Warriors not giving up on this season
Don’t think Lycoming is giving up on the season now. Not after all the Warriors have been through this season. Not when it would have been so easy to give up eight weeks ago after an 0-3 start.
Saturday’s game at Stevenson means the world to this team. It may not seem like much, but finishing the season with a .500 record is priority No. 1 for the Warriors.
Lycoming has been left for dead multiple times this season, most recently when last Saturday’s loss to Lebanon Valley left the Warriors with nothing but pride to play for in this week’s season finale. But pride can be a tremendous motivator. And even in the midst of the third loss of the season by four points or less, it was quite apparent Lycoming is taking nothing for granted and is keenly focused on a trip to Owings Mills, Maryland, this weekend.
“This is absolutely huge,” safety Joe Pinzka said after the loss to Lebanon Valley. “We wanted to have a winning season and it just didn’t happen. But we have to send the seniors off the right way and go to Baltimore and do the best we can.”
The Warriors were knocked out of the running for a spot in the MAC-Centennial Bowl Series when it fell to 4-5 overall with the loss to Lebanon Valley. Now, the Warriors are playing to not have a losing season and for any kind of momentum a road win against a quality program like Stevenson can provide.
Lycoming hasn’t had three consecutive losing seasons since 1972-74, the first three seasons in the career of Hall of Fame head coach Frank Girardi. The Warriors haven’t had a winning season since going 8-2 in 2014. It’s a list they’d rather not join.
“Someone asked me if I want to win this game more than the others,” Lycoming coach Mike Clark said. “No. I want to win every game.”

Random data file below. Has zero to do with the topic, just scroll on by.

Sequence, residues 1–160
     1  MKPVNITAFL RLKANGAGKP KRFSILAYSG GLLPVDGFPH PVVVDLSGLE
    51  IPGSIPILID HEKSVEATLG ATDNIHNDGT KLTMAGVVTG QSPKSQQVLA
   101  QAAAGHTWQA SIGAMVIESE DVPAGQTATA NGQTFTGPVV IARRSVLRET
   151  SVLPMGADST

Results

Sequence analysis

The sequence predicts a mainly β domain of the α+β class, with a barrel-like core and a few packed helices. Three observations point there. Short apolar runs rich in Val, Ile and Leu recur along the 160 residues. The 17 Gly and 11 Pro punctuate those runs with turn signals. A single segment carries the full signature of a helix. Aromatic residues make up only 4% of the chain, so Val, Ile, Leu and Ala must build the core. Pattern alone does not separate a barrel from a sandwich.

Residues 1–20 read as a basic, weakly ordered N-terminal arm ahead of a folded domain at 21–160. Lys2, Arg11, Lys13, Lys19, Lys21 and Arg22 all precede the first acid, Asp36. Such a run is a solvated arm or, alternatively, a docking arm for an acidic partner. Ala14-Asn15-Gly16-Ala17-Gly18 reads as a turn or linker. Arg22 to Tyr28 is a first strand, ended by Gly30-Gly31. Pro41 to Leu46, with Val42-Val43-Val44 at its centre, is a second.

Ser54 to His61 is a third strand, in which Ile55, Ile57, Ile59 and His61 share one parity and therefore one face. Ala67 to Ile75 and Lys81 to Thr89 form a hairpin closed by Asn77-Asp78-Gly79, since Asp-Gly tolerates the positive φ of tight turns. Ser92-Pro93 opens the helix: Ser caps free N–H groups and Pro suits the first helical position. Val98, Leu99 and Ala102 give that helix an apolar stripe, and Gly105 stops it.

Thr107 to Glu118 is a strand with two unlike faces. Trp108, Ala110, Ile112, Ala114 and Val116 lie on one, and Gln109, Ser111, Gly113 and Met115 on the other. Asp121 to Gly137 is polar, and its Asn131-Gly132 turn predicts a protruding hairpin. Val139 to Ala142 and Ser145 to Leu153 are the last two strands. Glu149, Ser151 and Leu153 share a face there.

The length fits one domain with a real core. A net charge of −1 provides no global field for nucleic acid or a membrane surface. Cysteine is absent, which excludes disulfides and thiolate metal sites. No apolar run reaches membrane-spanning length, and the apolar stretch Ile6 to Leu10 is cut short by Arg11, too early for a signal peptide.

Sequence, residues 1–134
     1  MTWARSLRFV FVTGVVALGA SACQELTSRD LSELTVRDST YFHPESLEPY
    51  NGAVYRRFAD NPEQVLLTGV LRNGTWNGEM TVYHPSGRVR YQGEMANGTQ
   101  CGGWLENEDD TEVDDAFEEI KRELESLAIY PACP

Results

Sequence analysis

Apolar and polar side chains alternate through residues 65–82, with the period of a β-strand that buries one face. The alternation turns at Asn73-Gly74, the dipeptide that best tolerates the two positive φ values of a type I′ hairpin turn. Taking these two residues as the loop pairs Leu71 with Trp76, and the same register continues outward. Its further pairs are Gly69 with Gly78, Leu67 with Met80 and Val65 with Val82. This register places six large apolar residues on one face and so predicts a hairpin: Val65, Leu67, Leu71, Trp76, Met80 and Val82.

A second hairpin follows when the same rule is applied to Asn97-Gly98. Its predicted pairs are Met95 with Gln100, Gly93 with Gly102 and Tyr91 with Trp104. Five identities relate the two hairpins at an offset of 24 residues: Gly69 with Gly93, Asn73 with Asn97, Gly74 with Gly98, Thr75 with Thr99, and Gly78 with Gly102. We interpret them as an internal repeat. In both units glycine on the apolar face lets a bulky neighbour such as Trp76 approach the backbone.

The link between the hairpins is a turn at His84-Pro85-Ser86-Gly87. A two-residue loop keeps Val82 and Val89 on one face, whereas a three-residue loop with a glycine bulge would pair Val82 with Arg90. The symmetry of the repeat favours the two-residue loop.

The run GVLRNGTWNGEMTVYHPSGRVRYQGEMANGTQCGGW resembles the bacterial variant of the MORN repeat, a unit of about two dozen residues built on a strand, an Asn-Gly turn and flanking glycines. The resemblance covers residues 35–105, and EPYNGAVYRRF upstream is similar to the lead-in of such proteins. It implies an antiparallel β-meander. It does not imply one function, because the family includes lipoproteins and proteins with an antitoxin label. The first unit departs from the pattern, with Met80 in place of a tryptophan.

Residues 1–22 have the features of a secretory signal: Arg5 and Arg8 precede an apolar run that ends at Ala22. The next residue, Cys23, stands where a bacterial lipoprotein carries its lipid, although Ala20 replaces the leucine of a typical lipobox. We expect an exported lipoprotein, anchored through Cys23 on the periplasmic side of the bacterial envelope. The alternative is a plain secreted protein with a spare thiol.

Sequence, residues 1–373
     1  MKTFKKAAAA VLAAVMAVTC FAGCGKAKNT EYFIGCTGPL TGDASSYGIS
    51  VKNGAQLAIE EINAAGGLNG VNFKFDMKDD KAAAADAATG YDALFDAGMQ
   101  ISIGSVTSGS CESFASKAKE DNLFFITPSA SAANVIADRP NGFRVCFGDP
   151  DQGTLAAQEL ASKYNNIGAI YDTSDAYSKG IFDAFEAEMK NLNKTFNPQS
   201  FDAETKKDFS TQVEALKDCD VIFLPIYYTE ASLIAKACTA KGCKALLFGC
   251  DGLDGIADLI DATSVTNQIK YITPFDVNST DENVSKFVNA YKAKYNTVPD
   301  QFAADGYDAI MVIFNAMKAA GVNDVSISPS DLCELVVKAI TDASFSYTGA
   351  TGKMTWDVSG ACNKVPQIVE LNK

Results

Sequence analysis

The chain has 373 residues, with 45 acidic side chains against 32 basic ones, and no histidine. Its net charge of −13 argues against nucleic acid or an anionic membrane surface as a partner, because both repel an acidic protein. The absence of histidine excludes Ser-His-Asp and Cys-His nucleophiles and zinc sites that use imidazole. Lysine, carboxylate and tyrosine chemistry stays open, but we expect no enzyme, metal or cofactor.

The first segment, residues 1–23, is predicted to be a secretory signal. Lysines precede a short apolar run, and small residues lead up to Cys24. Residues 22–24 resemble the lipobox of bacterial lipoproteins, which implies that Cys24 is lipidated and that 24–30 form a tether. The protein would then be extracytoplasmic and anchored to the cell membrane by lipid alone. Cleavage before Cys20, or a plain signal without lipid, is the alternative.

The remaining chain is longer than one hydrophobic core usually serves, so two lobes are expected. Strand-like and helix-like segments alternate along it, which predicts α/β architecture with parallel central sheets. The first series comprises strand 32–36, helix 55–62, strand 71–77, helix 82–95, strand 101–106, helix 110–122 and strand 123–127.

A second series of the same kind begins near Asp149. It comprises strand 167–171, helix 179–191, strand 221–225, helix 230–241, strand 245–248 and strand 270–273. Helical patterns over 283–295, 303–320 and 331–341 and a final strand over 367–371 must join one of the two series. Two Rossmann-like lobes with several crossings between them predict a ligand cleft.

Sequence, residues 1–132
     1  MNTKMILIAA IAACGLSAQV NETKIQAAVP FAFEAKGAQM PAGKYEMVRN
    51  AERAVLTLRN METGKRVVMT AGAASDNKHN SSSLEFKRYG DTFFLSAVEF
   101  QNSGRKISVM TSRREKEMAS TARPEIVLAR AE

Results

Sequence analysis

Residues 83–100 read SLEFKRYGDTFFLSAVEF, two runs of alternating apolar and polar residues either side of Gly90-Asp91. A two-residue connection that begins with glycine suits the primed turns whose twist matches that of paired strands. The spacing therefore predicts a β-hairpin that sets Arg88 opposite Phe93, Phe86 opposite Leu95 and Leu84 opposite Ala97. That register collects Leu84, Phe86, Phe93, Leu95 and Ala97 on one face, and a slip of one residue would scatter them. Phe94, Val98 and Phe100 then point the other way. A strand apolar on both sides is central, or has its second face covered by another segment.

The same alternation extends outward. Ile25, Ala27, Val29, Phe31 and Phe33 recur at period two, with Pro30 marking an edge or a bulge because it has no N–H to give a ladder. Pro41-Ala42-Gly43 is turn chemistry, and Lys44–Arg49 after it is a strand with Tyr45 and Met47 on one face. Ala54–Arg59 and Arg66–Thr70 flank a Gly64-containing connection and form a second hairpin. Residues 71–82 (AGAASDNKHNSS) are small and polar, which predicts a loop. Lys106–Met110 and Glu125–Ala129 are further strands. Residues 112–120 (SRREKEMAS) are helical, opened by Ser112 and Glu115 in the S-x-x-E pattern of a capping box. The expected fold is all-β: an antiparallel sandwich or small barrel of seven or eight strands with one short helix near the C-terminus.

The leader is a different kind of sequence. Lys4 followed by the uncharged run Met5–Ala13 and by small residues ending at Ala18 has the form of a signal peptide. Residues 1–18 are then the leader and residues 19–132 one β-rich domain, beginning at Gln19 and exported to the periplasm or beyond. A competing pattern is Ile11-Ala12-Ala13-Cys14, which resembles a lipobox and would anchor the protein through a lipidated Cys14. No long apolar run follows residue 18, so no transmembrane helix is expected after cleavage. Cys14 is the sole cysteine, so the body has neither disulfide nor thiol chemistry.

It would have been easy for the entire Lycoming team to throw around excuses following last week’s loss. A bad penalty on a fourth-down play which would have ended a Lebanon Valley series instead extended a drive which the Dutchmen kicked a field goal.
Oh, and then there was the team bus which broke down on the way to Annville early Saturday morning. That’s right, the bus carrying the defensive members of the team broke down Saturday morning in Shamokin Dam and didn’t arrive at Lebanon Valley until just before noon. Lycoming got a late start on its warm-ups and players were still filing into the stadium as the Warriors worked through pre-game warm-ups.
“It’s still no excuse for how we played in the first half, though,” Pinzka said. “It throws you off your routine, but there’s no reason for us to come out flat like we did. It did effect our normal routine, but what are you going to do?”
But nobody made excuses following Saturday’s loss. Instead, players and coaches alike pointed out that they just didn’t play well enough to win. And as the sting of the loss hurt, focus turned quickly to salvaging what was left of the season.
“Nobody wants to have a losing season,” Nick Costello said. “We’re going to do everything we can to beat Stevenson next week and set the tone for next year.”
Here’s a closer look at Lycoming’s 20-17 loss to Lebanon Valley on Saturday:
TIDE-TURNING PLAY: Not only did it look like Lycoming had a defensive stop, but it appeared to have forced a turnover on downs. Lebanon Valley was marching, perched inside the Warriors’ 30-yard line, on its first possession of the third quarter when it faced a fourth-and-8. The Flying Dutchmen tried to hit a deep ball down the right sideline and Lycoming defensive back Johnathan Zedar played it perfectly. He found the football, stuck out his left hand and knocked the pass away for an apparent turnover on downs. But then a phantom flag flew as an official thought Zedar had interfered despite not moving the receiver at all. The flag gave the Dutchmen a first down at the 12, and four plays later Marcus Brown kicked a 30-yard field goal. They were the decisive points in the loss.
“We did not lose because of the officials,” Lycoming head coach Mike Clark said. “The DPI was a bad call. … I thought out kid made a good play. I really thought he did.”